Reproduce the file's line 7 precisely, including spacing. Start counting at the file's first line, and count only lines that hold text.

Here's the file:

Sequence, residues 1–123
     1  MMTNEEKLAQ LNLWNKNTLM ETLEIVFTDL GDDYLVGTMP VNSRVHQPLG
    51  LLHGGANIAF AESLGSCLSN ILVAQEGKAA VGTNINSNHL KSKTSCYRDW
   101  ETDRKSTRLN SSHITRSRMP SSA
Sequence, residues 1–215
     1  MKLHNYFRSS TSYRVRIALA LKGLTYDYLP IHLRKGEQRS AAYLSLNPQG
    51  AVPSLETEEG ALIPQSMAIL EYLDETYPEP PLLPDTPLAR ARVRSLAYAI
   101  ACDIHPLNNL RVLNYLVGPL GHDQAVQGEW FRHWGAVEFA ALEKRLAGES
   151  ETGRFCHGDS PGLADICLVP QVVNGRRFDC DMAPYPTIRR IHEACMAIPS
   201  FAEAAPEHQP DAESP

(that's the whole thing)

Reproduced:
    51  AVPSLETEEG ALIPQSMAIL EYLDETYPEP PLLPDTPLAR ARVRSLAYAI